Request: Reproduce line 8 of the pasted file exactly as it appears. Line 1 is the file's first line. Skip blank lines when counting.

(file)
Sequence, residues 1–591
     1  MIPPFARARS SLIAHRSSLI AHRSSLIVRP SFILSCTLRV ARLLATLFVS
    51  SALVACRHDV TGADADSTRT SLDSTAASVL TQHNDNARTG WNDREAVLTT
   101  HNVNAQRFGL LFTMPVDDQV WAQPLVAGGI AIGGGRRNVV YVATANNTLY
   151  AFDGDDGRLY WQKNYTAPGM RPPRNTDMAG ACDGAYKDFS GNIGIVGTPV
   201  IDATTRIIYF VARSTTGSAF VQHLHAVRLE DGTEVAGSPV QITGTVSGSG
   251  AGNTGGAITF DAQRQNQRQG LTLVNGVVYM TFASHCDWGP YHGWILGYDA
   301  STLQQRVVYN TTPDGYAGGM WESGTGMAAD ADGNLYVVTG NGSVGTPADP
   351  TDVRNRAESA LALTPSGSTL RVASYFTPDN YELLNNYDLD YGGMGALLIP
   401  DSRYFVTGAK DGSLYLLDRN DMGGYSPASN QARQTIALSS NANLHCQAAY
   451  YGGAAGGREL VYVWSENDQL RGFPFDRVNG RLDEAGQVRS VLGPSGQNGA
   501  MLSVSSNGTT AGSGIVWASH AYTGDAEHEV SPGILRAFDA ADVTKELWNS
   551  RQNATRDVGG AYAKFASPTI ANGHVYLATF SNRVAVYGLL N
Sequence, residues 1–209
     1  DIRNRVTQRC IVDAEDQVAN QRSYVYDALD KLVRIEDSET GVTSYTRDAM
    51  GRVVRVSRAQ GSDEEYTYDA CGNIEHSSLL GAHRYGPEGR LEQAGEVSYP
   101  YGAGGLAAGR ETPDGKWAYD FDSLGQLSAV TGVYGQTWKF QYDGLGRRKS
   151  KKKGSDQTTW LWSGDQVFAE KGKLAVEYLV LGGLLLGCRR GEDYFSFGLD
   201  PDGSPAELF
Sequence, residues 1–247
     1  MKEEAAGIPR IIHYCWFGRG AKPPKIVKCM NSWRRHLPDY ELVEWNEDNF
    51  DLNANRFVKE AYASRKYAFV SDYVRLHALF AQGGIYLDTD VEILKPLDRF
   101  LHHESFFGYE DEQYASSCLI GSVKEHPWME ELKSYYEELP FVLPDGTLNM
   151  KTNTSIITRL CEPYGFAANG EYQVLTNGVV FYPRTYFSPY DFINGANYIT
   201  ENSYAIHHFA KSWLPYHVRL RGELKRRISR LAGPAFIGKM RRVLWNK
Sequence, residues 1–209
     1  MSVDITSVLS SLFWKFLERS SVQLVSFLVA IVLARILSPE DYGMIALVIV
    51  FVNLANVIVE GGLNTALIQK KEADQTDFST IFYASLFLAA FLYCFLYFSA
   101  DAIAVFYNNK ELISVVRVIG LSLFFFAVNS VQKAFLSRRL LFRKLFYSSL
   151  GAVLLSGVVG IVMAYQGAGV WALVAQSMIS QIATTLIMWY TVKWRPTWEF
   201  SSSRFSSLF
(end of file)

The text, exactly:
   301  STLQQRVVYN TTPDGYAGGM WESGTGMAAD ADGNLYVVTG NGSVGTPADP